According to Tiger Woods, who has not been true to his own values and the behaviour his family deserves, he tells us, there is one "important and deep principle at stake" in the debacle surrounding his marital "transgressions".
The principle, says his statement, regards the damage caused to his family, not by his behaviour but by other people's intrusion into it. To summarise: "I am deeply sorry that I got caught. I blame it all on everyone else."
Woods is a good-looking, successful sportsman, who seems to have found several partners who were quite satisfied with the odd casual bunk-up. If having occasional sex with multiple women is what makes him happy, I wish him the best of luck with that. But why did he promise not to do it?
Marriage and monogamy are optional. If, religious or not, Woods wants to stand before everyone he cares about in the world and promise to forsake all others, cleaving only unto one partner, until death parts them, he's free to do that. If he wants to sleep around, he can do that instead. But in theory, at least, the one precludes the other. It's not even in the small print; you notice it when you read the vows out loud.
Of course, every man who cheats on his wife believes that his is an exceptional case. But Tiger Woods has company in his delusion. Cricketer and author Ed Smith has defended Woods, saying his fall from grace was caused by the unbearable public pressure for him to be perfect. I'm relieved to be considerably less than perfect, then; I might stand a fighting chance of being honest with a partner.
For some people, though, honesty is not the point. Witness the further trashing of the reputation of Stephen Gately last week following the confirmation that he and his partner, Andy Cowles, had a sexual encounter with a third man before Gately died.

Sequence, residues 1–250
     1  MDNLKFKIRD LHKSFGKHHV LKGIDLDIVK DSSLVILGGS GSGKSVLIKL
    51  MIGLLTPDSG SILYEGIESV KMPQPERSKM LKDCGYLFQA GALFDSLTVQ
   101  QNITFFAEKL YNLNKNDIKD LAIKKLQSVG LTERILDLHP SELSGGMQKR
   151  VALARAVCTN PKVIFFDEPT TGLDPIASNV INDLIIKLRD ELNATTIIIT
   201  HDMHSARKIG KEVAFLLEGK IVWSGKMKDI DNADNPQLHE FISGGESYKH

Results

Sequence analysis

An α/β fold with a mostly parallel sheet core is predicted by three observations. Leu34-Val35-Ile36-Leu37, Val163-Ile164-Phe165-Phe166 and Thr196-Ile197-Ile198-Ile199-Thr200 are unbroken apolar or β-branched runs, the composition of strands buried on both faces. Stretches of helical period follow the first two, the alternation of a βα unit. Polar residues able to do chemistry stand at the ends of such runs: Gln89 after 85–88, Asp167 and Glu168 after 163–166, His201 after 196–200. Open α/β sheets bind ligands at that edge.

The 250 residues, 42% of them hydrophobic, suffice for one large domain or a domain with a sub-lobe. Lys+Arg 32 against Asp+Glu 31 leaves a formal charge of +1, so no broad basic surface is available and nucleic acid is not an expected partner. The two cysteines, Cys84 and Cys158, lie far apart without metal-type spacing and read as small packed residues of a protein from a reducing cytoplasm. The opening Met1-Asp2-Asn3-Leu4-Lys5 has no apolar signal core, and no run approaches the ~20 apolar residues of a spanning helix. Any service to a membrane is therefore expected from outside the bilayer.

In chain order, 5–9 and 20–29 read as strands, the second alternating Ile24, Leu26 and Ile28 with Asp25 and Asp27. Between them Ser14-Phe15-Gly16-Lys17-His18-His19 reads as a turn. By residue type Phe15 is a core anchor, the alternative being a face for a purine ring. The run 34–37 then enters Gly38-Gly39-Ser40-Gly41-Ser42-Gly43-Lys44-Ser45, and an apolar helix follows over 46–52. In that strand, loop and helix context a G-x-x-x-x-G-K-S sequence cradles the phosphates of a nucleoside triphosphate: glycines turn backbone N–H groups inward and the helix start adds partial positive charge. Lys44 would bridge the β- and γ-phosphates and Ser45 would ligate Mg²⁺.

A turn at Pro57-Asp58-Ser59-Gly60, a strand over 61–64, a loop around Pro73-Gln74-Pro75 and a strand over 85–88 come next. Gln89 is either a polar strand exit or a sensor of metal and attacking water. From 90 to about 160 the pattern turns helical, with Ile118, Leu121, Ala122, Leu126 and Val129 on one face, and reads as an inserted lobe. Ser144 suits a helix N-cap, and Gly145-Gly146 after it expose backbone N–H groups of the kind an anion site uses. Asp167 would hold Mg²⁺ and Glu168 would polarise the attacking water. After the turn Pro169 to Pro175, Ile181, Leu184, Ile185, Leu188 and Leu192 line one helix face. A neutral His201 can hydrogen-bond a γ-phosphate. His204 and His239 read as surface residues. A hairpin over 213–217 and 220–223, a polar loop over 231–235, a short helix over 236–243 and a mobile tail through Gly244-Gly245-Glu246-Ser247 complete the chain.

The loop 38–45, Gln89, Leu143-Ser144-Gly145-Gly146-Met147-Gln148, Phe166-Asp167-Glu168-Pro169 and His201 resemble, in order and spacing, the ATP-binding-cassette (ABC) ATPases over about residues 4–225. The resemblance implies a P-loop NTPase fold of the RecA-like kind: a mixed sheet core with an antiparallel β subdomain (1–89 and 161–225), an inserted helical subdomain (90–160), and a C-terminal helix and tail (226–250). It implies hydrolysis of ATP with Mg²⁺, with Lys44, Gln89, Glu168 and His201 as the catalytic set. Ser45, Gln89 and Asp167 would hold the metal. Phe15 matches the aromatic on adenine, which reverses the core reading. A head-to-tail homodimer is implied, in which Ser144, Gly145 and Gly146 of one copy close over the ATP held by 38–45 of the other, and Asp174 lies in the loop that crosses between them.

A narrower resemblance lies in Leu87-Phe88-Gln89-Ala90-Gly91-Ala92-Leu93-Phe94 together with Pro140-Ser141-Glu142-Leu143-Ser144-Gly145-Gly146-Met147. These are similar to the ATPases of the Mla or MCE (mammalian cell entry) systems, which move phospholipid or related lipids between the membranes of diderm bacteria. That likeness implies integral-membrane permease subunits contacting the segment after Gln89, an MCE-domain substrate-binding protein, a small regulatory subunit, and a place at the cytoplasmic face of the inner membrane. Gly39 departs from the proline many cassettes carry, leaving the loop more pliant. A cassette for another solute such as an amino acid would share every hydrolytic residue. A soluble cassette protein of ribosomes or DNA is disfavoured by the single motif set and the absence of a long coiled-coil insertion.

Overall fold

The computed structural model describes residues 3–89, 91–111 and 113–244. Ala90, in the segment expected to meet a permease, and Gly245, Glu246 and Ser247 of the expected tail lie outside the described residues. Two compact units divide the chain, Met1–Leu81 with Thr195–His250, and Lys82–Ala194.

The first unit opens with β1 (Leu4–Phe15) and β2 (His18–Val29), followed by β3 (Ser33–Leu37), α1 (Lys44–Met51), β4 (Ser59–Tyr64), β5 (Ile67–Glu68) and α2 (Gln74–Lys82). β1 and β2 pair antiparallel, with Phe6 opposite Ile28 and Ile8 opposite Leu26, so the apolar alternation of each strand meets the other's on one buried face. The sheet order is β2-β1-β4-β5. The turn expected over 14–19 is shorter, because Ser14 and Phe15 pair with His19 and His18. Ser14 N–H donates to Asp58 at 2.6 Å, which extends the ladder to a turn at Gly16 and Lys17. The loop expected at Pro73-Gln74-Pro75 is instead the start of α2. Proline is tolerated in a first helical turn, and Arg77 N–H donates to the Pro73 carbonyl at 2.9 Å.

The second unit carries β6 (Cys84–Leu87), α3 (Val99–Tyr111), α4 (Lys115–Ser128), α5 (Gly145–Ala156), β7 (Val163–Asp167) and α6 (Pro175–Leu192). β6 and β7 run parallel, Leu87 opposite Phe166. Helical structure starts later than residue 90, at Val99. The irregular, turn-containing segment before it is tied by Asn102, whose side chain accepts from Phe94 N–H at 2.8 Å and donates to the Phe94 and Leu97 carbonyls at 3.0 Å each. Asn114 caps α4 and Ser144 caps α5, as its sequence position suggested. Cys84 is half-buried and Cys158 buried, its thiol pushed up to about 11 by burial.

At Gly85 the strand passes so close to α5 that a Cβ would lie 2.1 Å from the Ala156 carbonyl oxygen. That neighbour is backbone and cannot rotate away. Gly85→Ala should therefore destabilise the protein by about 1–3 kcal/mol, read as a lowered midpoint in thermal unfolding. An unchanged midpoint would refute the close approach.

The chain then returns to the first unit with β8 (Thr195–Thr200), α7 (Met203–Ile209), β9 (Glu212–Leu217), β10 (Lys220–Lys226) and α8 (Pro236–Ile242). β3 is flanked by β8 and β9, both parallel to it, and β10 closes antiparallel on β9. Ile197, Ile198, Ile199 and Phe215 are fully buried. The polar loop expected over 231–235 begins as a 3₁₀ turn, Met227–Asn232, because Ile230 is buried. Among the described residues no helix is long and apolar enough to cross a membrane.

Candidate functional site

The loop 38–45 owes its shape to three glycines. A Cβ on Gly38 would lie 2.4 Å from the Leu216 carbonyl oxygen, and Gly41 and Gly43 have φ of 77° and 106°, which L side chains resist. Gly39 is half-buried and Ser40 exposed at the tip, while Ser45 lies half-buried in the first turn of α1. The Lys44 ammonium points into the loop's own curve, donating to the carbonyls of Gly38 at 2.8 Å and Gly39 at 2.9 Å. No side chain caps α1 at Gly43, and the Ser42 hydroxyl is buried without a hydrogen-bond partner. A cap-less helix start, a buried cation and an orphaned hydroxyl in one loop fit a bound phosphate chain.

The poisonous comments of the Daily Mail's Jan Moir were supposedly vindicated. Gately's behaviour was called "reckless and aberrational". I mean, seriously, have these columnists never met anybody who's ever fancied a threeway before? I don't see the attraction myself, but I find that group sex between consenting adults bothers me as little as does, say, Mr Moir's aberrational choice of partner. It's horses for courses, isn't it? As long as it's not real horses – obviously.
The only place I regularly encounter people who are mad about threesomes is in the problem pages of some newspapers. I know some couples who have open relationships. Not many, but enough to include gay and straight; married and long-term cohabiting. Sometimes, just like any kind of relationship, they don't work out – but that's about the worst that happens. Stories like Meredith Kercher's are mercifully rare, and I've yet to meet anyone who has caused death by a sex act, but maybe I've just not been around the block as many times as Jan Moir.
As a third way between lifelong monogamy and meaningless shagging around, the route that Gately and Cowles attempted is a tricky one. It's a route, though, that two adults chose together. Tiger Woods's third way through a marriage was spineless, cheap and humiliating all round. But neither story proves anything about the particular types of relationships that these men chose to live in. They just prove a little about particular types of man.